Teaching Profession

Confusion at the NEA Over Teach For America

By Stephen Sawchuk — July 05, 2009 1 min read

There seems to be an awful lot of confusion among the 9,000 delegates at the National Education Association’s Representative Assembly over how the Teach For America program works.

The catalyst for this discussion: A new business item that would have directed the NEA to encourage TFA to increase its corps members’ commitment from two to three years and to require such members to complete a certified teacher-preparation program.

Nearly 45 minutes of discussion ensued. Some delegates asserted that the program contained a loan-forgiveness element, and NEA Executive Director John Wilson had to step up to the microphone to tell them that participating in TFA has nothing to do with loans.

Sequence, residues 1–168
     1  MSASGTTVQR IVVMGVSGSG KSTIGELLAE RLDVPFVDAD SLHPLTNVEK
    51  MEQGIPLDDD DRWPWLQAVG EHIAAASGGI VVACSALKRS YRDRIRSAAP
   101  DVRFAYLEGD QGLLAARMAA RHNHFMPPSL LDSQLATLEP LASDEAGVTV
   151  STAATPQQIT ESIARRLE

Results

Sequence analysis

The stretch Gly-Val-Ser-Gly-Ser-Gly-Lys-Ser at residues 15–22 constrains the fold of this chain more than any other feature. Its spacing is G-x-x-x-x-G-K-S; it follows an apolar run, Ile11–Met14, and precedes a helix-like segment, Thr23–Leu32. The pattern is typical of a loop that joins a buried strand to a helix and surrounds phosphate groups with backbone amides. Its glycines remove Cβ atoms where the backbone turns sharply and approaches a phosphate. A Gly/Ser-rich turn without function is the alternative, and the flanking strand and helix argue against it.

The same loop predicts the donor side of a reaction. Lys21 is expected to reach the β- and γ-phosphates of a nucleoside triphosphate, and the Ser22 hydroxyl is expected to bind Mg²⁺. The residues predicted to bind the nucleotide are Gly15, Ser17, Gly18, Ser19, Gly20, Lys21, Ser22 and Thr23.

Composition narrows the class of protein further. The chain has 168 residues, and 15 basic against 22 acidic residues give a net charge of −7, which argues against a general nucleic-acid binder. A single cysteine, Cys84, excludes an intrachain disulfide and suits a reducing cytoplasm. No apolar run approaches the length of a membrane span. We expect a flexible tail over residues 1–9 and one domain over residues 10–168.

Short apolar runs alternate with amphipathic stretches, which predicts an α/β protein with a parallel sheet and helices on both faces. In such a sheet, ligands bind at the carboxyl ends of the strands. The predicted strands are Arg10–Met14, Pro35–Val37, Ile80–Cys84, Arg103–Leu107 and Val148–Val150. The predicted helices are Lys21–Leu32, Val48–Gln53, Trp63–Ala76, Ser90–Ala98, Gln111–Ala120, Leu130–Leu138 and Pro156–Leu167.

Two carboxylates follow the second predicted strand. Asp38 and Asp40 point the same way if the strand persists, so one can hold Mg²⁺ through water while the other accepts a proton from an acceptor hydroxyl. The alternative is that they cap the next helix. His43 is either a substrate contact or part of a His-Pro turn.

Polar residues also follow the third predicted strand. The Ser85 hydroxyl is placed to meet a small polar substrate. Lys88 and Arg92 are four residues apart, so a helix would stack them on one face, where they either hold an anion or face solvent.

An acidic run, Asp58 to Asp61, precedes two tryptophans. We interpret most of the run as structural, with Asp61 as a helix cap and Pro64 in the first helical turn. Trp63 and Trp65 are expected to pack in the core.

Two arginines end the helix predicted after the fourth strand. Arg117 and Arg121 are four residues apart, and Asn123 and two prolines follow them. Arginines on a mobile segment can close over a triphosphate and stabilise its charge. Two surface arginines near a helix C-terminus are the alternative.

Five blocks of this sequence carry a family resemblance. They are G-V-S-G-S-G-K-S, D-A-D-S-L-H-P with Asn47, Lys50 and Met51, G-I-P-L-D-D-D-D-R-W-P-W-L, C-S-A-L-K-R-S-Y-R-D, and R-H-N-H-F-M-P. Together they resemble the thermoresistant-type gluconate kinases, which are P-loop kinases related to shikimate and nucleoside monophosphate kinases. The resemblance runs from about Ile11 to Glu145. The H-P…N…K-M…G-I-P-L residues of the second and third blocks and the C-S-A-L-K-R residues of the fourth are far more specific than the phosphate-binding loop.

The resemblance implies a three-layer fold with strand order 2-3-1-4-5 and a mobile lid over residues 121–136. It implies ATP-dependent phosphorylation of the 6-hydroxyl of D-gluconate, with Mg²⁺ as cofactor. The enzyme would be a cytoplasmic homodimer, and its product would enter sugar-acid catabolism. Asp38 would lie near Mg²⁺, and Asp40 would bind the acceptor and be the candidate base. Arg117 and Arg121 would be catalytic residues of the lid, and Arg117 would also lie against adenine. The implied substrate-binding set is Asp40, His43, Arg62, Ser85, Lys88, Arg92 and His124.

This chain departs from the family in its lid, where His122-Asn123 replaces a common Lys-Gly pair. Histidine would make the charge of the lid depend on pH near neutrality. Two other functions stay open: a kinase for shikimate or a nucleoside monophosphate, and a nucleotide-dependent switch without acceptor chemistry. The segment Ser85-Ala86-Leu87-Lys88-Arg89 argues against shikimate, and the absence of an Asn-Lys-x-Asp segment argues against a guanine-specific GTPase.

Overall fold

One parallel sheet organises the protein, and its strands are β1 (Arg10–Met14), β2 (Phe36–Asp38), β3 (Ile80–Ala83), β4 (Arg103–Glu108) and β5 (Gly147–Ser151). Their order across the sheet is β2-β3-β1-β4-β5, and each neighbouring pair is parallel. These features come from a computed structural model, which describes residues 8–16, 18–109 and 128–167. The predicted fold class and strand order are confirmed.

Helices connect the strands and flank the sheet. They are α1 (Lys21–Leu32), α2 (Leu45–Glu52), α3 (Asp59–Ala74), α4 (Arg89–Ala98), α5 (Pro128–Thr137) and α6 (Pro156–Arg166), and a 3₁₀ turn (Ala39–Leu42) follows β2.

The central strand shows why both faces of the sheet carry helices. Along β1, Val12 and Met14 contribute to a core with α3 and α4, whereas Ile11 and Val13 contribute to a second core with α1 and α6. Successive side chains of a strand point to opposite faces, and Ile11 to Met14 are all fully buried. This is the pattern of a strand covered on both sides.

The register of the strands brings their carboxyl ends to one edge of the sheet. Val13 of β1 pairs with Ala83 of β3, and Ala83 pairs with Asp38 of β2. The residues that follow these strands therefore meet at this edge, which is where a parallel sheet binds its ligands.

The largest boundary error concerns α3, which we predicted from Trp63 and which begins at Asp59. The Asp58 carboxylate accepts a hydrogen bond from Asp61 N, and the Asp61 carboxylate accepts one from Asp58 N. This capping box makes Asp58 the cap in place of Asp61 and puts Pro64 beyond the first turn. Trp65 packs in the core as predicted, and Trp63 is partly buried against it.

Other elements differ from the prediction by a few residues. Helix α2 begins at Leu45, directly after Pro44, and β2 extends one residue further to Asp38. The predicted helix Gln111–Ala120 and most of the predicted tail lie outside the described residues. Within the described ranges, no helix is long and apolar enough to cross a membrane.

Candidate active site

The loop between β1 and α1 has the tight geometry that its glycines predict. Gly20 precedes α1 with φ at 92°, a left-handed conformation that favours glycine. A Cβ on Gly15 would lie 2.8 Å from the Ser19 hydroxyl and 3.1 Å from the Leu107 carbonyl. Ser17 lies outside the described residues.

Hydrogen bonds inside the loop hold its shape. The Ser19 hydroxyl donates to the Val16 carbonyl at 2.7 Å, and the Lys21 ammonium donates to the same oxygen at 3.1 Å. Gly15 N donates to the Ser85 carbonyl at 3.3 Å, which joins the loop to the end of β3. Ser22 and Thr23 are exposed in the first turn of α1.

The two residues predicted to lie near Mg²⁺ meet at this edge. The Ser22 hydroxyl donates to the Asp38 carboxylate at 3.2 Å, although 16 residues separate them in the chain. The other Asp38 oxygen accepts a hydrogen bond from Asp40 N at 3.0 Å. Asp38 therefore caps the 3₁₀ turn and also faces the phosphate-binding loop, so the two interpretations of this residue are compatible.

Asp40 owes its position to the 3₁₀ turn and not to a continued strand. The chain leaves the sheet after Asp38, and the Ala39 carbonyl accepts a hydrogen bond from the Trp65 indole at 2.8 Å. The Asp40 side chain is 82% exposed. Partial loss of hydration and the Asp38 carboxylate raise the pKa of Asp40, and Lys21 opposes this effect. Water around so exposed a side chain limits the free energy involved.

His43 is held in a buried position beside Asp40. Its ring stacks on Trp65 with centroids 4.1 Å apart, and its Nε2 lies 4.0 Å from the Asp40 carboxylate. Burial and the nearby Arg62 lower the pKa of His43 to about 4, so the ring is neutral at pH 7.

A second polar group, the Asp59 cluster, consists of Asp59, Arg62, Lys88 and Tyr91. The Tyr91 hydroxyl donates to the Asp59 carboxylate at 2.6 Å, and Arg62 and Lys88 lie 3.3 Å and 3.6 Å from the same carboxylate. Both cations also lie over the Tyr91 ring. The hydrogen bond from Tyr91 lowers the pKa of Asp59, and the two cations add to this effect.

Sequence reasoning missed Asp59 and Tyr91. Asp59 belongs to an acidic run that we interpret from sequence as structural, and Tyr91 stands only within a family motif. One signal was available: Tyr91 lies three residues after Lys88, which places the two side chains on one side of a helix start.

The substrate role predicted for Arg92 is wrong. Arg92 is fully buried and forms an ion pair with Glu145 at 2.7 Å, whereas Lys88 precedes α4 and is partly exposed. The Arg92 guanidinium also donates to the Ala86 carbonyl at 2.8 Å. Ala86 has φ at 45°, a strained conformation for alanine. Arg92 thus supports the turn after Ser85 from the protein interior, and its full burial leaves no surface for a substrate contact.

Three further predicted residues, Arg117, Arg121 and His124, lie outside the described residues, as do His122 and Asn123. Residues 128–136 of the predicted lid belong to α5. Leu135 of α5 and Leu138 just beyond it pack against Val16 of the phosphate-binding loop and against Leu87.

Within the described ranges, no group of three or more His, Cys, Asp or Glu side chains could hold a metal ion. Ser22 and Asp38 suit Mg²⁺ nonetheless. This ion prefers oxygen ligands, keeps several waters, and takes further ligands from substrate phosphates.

Other delegates wanted to know the retention rates for corps members after their two-year commitments were up. NEA President Dennis Van Roekel put the figure at 33 percent, attributing the figure to TFA founder Wendy Kopp. (Can someone from TFA let us all know if that’s correct?)

Another interesting tidbit: A Delaware delegate said that districts in his state are laying off teachers and hiring TFAers. I wrote about a similar situation in North Carolina, but hadn’t heard anything about Delaware. Have you?

The item, in any case, failed to pass.

A version of this news article first appeared in the Teacher Beat blog.